Advertisers will be nervous of using Twitter if Elon Musk prioritises free speech over potential online harms, Sir Martin Sorrell has said.
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The advertising veteran told the BBC firms "don't want their brands near controversial content", so they may be anxious using the platform in future.
Elon Musk vowed to relax content restrictions after he struck the $44bn takeover deal.
He has previously described himself as a "free speech absolutist".
The billionaire has been vocal in his criticism of Twitter's policies on moderating content, arguing that it needs to be a genuine forum for free speech.
"Free speech is the bedrock of a functioning democracy, and Twitter is the digital town square where matters vital to the future of humanity are debated," he said on announcing the deal.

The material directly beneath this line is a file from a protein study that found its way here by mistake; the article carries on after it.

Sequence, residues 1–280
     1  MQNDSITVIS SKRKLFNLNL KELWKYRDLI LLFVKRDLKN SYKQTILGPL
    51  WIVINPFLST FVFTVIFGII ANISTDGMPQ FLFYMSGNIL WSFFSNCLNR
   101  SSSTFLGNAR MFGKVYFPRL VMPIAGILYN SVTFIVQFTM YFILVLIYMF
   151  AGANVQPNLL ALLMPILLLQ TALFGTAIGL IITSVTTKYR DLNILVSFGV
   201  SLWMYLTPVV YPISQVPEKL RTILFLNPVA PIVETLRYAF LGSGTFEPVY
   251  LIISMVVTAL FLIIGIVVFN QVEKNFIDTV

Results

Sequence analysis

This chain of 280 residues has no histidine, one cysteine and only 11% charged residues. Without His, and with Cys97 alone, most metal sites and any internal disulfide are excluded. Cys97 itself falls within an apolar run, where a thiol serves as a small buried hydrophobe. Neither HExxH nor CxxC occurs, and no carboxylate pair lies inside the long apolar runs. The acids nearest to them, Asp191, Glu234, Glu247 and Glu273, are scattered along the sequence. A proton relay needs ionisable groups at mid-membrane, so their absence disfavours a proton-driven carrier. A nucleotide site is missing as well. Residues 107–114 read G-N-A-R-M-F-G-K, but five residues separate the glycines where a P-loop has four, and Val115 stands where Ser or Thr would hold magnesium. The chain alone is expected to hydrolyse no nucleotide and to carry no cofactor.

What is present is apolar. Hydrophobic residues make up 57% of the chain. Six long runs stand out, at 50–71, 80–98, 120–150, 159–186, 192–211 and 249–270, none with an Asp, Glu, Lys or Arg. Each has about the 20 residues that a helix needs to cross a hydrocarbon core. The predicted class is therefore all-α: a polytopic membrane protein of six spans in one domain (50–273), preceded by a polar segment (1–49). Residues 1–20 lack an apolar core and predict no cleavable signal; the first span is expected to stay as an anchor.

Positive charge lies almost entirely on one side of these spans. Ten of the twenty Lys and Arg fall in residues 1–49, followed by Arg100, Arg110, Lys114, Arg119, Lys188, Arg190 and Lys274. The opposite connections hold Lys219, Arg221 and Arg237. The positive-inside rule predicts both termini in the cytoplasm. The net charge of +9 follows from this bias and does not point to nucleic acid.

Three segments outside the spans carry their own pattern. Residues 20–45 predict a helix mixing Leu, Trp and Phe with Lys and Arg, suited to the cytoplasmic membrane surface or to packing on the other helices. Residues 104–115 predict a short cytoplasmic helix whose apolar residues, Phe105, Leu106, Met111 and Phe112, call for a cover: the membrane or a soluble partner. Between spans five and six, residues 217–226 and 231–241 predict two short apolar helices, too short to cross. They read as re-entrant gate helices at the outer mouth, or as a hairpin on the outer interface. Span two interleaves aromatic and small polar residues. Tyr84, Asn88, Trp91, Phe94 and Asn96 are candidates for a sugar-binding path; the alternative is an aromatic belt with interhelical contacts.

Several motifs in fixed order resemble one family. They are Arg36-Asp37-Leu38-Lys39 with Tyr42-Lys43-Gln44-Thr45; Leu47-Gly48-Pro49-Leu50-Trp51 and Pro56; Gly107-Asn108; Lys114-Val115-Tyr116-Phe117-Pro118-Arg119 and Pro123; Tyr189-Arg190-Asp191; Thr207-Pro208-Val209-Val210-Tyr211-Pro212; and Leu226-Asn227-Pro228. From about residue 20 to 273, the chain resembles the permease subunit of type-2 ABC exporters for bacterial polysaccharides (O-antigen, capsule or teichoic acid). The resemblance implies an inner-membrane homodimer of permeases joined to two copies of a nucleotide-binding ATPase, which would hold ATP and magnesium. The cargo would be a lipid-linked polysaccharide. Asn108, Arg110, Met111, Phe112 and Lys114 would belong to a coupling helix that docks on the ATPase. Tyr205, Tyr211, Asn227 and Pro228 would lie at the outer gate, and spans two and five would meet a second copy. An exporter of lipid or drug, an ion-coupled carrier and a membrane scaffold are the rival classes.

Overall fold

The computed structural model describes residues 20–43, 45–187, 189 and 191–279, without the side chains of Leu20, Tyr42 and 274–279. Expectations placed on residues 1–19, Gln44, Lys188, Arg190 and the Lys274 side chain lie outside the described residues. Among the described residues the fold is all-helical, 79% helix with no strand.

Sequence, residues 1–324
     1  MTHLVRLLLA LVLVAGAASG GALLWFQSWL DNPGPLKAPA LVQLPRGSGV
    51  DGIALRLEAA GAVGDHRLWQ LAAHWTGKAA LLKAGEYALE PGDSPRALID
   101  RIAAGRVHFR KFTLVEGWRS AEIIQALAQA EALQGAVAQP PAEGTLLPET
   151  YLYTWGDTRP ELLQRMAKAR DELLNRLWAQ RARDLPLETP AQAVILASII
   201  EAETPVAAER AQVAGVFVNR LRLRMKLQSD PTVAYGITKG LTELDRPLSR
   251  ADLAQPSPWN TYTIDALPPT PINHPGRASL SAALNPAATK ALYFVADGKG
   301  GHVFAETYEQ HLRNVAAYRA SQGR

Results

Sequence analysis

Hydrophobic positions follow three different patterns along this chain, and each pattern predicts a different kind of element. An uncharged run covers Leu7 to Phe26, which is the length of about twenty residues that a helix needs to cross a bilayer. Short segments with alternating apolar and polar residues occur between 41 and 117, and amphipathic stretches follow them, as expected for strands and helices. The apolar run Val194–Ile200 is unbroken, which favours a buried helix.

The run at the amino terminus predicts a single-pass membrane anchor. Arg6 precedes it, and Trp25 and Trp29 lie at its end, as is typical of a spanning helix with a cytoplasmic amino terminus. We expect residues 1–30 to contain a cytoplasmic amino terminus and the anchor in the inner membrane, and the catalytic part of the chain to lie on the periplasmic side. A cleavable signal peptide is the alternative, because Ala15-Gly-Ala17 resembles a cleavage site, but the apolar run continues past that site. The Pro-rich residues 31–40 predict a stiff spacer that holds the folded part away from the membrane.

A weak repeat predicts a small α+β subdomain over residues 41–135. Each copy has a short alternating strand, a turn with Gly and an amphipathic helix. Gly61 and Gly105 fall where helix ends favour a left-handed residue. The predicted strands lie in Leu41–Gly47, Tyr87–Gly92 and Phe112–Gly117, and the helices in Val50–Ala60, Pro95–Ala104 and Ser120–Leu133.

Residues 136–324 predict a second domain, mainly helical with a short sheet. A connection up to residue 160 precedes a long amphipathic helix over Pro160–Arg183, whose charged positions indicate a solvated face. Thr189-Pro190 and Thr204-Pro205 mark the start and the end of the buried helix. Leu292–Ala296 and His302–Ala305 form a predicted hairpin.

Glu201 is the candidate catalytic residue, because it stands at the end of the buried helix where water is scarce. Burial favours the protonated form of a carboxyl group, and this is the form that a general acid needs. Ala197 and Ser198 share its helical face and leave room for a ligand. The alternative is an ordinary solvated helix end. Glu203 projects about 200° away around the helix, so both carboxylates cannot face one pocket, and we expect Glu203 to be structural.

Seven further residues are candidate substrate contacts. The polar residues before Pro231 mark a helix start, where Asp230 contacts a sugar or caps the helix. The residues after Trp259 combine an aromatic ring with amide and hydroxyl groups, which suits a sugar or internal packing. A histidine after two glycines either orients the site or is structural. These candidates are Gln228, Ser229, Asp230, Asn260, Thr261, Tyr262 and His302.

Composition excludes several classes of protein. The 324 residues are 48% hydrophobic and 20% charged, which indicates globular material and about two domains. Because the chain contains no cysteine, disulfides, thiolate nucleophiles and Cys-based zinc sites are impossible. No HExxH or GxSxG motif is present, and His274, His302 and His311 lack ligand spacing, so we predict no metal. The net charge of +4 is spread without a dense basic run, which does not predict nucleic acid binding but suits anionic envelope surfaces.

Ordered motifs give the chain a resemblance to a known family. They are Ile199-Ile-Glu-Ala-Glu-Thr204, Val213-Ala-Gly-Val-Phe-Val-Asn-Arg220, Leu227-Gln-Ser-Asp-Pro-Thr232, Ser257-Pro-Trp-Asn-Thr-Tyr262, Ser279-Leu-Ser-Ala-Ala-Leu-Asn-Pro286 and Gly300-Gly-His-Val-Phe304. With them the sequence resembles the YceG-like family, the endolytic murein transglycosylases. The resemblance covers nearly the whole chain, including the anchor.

However, Sir Martin, who founded the advertising giant WPP, said big consumer brand manufacturers including Unilever had in the past boycotted advertising on Twitter, Facebook and Instagram over concerns about their handling of misinformation and hate speech.
Publicis Media UK's chief executive Sue Frogley also told the BBC that the potential to invite back individuals who had previously published hate speech on the platform was a "big concern".
"We [Publicis Media] have a responsibility to keep the brands we work with safe and align them with partners and channels with a similar ethos, and the highest safety and trust standards," she added.